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First Footprints: A Story Cube Flash Fiction


Today I visited my friend Grace, who mentioned being scheduled to write for an international writing blog but not having any ideas. I also needed an idea for my holidailies post for the day, so I got out my Story Cubes, she rolled them, and we both wrote a story about the following pictures:

Footprint. Globe. Lightbulb. ID card. Abacus. Flower. Turtle. Cane. Falling star.

Grace posted her story within about half an hour of rolling the cubes. I spent a little more time on mine later in the evening, but not a lot. Here it is:

After the theme parks were set up, they protected my first footprint in a large magnifying cube, so tourists on all sides could look at it in detail. Nothing but the size of the boot marked it as mine; at the time of first landing, the soil and thick atmosphere were known to be toxic to us, so bare feet were not safe.

It’s different now, of course. People live and work here, and it looks for all the world like… all the world. The higher gravity attracts star athletes doing strength training and thrillseekers looking for acceleration. They start out crawling and propping themselves up with sticks, but after a few months they’re walking as normal, and back at home they can almost fly. They win all the sports competitions they can, then as they begin to weaken, they act as superheroes and make enough money to retire. That’s the dream, anyway. The trip back out of the gravity well is much more expensive than the trip in, so many who came hoping for a giant leap out of poverty spend their lives working in the theme parks hoping to earn enough to get home, their spirits crushed as much as their bodies are.

I’m stuck here too now, without valid identity to fly home on. They wanted to make me a hero, but I wanted to make myself one. I wanted to keep doing the science we’d started with that first small step. Wanted to take more samples of the air and soil before they lunaformed it. So I had a scent gland transplant and went incognito, got a job as a field technician. We fought hard to keep one small section of ground near the equator pristine, and even that has a crust from reactions with our safer atmosphere. I captured three canisters of air on the first landing, and I had to steal one of them from my own lab to continue studying it.

The first thing I found was a shape barely recognisable as a fossil. A faint impression of spikes radiating from a point. Months more digging revealed objects so bizarre that we may never be sure what they were.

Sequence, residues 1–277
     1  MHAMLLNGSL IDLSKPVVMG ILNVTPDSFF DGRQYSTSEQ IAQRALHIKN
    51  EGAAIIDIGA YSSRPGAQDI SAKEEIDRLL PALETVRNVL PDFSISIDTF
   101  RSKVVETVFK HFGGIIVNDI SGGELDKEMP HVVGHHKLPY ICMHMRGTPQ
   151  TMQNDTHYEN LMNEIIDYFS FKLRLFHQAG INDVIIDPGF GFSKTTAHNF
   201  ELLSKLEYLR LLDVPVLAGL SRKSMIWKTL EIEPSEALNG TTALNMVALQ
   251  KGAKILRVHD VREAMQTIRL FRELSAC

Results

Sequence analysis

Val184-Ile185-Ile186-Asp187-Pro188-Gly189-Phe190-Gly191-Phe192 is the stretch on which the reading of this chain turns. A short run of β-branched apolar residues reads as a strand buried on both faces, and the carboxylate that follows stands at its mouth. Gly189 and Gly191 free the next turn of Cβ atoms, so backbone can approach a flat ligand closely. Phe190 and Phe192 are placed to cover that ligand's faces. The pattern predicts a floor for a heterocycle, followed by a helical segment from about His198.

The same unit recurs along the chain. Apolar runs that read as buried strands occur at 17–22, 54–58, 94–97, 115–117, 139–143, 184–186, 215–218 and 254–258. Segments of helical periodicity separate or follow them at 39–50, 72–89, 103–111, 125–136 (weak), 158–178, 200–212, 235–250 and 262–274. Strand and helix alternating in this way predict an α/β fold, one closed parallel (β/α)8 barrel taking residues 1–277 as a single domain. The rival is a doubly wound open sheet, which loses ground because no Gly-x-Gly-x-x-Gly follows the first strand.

There is one thing I am sure of: mine were not the first footprints on Earth.

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What’s the difference between couchette cars and sleeping cars?


Today I found out that New Zealand has lie-flat sleeper buses, which I’m going to have to try while I’m here. I can’t sleep on planes, but I can on trains, so buses should be my next experiment.

This news reminded me that I intended to post about the differences between couchette cars (Liegewagen/Voiture-couchettes) and sleeping cars (Schlafwagen/Voiture-lits) on overnight trains in Europe. I searched for information about the difference before I took my first overnight train, and wasn’t too satisfied with the descriptions I found, so I went with the slightly-more-expensive sleeping car to be sure I’d be comfortable.

A couple of months ago, due to lack of available sleeping places, I took a couchette for the first time, from Vienna to Rome, and then took a sleeping place on the way back. I took some notes on the differences. Both trains were catered by newrest, as were other night trains I’d taken around Europe (between Vienna and Zürich or Amsterdam.)

Amenities

There’s not a lot of space in a cabin on an overnight train, so there are many things cleverly tucked away which you might not notice unless someone else in the cabin is more experienced than you. I probably missed a lot of things.

Sleeper

Secret washbasin, usually hidden under part of a table or inside a little cabinet (where there is also a mirror.) Fold-out table, no real seats, but sitting on the bed is comfortable as long as the bunk immediately above is folded away. On the trip from Rome to Vienna there was a little cubbyhole (with a door, but I’m not sure if it locked) for each bed, next to the washing cabinet.

Couchette

Small table, no washbasin, but the seats are normal, comfortable seats until the seat backs are folded away to convert them into beds.